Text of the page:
The “Great Resignation” as it has been called reflects the large number of employees leaving the traditional workforce, and many of those departing employees are leaving hourly or salaried positions to start their own new businesses. The dramatic increase in start-up businesses has been documented by the Census Bureau, which reports that nearly 5.4 million applications were filed to begin businesses during 2021, the most of any year on record. In light of this remarkable employee migration leading to the formation of new companies, now is an appropriate time to look at the investment side from the perspective of potential investors in these startups or early-stage new businesses.
This post reviews some of the important red flags that investors should consider before making a minority (non-controlling) investment in a new or emerging growth, private company. Not every red flag should scuttle the proposed investment in a private business, but prudent investors will want to evaluate all red flags before becoming a minority partner in a private company. The issues that potential investors are wise to consider relate not only to potential problems regarding the operational plan for the new business but should include key provisions in the company’s governance documents, which the minority investor will be required to sign when making the new investment.
Avoid a Management Team Embarking on Its “First Rodeo”
Common sense suggests that the safer bet when investing in new businesses is to choose a management team with a track record of success with start-up businesses. A management team with little or no previous experience in launching a new business will have a steep learning curve. Another way to look at this is that an inexperienced management group doesn’t know what it doesn’t know, which means that the company’s leaders are more likely to make mistakes and miss opportunities that more veteran leaders would avoid or capitalize on at the right time.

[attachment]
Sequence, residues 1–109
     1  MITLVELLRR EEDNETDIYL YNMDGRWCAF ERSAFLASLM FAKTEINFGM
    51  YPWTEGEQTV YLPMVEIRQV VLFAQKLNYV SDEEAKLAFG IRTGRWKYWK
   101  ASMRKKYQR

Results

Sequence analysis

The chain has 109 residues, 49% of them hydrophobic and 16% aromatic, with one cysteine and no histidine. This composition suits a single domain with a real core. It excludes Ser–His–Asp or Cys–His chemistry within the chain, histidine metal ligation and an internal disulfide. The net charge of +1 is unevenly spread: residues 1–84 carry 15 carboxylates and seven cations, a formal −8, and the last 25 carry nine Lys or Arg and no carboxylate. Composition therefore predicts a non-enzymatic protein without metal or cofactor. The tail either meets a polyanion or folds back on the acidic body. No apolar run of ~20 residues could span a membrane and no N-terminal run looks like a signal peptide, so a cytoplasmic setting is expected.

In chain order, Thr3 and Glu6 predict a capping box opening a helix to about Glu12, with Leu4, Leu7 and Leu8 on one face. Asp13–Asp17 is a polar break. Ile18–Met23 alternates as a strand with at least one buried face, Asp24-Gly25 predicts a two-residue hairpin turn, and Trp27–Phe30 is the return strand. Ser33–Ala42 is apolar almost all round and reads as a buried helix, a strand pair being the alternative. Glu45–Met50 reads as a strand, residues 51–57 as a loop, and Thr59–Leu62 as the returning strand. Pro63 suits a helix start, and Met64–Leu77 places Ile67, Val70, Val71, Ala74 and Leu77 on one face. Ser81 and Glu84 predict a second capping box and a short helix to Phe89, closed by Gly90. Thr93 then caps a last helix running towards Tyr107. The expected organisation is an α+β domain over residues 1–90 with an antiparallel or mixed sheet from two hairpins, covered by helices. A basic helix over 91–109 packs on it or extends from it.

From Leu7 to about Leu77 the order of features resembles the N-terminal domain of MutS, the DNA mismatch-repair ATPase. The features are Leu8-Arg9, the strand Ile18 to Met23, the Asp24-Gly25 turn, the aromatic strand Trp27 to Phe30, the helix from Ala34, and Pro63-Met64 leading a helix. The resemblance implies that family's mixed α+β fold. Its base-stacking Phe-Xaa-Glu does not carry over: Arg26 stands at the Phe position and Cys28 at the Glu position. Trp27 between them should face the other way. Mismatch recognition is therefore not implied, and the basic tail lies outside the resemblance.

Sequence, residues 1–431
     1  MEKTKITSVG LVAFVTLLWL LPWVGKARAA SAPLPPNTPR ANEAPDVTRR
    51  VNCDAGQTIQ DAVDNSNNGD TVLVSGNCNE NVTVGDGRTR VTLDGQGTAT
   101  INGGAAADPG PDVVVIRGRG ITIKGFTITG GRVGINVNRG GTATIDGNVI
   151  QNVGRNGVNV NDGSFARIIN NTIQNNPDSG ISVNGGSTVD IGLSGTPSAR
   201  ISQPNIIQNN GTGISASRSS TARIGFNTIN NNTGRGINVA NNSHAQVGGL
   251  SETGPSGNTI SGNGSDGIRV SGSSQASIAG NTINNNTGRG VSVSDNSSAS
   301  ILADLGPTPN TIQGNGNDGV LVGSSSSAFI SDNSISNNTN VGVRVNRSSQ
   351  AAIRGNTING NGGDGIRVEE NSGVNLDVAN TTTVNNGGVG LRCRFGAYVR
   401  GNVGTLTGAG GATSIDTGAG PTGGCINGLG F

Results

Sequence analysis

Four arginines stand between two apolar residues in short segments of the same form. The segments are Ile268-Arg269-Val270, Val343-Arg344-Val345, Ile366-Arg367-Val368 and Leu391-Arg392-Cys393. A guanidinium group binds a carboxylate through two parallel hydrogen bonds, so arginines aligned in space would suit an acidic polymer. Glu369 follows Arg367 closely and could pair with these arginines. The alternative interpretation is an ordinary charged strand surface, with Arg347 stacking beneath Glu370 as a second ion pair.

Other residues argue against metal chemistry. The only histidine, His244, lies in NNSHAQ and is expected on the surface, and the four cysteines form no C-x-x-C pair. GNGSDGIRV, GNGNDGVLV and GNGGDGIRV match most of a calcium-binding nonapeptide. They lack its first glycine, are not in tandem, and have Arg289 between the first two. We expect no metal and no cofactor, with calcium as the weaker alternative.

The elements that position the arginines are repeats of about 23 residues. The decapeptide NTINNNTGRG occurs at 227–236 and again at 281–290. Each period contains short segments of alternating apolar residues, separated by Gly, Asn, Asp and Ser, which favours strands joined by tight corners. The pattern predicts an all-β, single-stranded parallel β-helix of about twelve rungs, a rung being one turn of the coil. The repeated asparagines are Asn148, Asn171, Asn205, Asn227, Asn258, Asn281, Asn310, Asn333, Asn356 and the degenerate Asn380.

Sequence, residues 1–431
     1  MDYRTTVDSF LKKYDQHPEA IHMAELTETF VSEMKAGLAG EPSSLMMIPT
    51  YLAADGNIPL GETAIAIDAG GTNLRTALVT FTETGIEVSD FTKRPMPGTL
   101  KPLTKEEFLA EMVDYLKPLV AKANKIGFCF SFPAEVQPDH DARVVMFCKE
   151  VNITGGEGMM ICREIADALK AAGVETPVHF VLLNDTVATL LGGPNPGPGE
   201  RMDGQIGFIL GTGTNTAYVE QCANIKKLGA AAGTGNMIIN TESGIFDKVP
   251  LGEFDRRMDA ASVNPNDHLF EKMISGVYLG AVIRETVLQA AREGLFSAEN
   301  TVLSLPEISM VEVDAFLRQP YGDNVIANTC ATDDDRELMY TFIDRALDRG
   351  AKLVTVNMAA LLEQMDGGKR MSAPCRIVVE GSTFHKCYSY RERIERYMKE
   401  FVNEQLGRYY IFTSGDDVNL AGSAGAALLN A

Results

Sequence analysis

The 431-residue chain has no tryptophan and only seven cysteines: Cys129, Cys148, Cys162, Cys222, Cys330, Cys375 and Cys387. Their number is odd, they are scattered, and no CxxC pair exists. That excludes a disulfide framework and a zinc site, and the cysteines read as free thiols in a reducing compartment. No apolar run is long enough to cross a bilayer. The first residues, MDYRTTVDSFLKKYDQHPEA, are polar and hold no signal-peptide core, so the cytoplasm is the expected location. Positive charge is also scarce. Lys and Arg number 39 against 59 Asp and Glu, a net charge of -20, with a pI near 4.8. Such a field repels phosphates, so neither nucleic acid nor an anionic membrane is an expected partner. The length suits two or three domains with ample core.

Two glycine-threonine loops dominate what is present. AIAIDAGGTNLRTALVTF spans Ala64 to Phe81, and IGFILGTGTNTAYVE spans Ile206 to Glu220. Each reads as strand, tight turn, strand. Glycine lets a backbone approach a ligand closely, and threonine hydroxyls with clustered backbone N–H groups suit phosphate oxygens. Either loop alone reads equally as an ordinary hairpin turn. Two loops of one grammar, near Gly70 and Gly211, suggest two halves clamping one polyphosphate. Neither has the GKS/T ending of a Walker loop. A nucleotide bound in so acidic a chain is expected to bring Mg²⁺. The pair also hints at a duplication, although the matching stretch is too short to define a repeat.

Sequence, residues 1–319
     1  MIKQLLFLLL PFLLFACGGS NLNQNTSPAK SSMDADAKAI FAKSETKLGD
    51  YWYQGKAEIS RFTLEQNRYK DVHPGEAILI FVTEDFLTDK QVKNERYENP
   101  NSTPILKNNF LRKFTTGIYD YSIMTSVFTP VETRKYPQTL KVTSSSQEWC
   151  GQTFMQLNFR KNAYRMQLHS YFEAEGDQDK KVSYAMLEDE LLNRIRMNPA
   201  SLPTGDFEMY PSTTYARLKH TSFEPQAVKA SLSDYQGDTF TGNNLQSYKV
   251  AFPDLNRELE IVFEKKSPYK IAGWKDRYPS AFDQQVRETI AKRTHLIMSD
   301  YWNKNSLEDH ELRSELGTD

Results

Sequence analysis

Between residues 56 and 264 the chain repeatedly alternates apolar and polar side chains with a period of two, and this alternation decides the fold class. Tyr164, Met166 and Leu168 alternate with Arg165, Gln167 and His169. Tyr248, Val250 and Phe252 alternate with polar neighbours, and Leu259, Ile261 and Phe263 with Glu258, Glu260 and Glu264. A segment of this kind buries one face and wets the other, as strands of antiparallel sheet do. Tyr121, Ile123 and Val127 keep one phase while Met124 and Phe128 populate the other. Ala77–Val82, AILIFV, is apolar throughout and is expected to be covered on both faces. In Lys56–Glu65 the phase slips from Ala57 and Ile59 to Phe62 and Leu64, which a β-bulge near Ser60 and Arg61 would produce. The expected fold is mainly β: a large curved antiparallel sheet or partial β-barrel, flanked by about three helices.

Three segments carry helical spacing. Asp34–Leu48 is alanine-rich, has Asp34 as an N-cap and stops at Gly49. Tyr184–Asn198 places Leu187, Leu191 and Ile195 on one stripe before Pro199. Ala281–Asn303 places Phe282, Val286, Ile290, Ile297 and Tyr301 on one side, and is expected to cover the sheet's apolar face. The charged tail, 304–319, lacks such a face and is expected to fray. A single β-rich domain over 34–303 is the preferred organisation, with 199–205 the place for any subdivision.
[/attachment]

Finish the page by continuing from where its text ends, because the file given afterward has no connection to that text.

If the management team is new, one way to mitigate this problem is for the majority owners to include senior leaders on the company’s board or on an advisory committee. These experienced board or committee members can then provide important input to company executives on a regular basis and help to mentor them to provide the benefit and wisdom of seasoned leadership. When inexperienced executives decline to surround themselves with more veteran leaders, however, investors may be in for a steep and bumpy ride with their start-up company.
Will the Minority Investor’s Stake in the Business Be Protected from Dilution?
Successful companies need capital to fund their growth, and the cash from the business typically falls short of meeting this need. As a result, it is likely that the company …….